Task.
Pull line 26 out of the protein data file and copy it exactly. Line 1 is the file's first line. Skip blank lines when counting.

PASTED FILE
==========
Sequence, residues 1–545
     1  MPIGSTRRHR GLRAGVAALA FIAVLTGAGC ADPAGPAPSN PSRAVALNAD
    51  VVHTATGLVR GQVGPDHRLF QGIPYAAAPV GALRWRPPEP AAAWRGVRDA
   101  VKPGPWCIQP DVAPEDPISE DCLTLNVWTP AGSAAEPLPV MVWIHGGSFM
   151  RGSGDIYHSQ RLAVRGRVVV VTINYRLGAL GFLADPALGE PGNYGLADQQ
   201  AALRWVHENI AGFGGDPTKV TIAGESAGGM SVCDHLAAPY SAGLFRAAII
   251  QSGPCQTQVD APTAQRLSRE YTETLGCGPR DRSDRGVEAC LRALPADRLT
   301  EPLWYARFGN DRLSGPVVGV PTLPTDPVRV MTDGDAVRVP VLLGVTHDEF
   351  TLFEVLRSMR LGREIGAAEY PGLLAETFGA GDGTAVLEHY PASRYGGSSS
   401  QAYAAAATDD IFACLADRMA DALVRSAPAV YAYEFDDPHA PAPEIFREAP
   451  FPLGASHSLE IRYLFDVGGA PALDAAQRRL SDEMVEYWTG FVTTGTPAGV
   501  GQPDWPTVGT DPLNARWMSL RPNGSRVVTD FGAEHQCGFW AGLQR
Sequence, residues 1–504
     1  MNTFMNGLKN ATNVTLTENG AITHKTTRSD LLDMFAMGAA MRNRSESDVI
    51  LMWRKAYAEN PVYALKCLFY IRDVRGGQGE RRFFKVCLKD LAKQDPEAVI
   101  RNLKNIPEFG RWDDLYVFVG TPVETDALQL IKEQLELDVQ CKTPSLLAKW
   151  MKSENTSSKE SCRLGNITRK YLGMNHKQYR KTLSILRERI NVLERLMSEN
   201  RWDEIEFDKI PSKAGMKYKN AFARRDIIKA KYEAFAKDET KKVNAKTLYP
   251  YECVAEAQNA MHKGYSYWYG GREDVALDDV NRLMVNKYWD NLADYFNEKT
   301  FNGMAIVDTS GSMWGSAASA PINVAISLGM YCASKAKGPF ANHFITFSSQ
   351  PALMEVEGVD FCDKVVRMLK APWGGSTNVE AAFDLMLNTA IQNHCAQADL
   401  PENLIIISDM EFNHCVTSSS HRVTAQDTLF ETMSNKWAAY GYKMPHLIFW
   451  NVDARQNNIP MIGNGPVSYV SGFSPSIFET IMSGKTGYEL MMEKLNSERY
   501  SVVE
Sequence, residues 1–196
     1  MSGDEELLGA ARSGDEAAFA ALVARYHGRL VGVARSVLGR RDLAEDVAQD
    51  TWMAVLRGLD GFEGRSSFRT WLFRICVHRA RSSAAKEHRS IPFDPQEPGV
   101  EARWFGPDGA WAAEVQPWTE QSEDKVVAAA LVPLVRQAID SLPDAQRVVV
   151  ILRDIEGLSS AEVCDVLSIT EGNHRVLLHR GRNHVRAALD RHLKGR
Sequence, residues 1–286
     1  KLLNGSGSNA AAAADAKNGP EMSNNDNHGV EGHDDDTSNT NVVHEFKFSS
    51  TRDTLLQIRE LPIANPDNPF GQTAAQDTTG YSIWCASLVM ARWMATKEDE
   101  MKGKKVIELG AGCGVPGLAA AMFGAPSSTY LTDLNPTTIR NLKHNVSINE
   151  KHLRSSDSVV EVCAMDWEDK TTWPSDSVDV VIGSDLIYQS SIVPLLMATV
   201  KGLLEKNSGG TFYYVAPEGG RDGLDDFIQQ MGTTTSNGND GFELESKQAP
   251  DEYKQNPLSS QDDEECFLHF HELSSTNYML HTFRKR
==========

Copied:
     1  MSGDEELLGA ARSGDEAAFA ALVARYHGRL VGVARSVLGR RDLAEDVAQD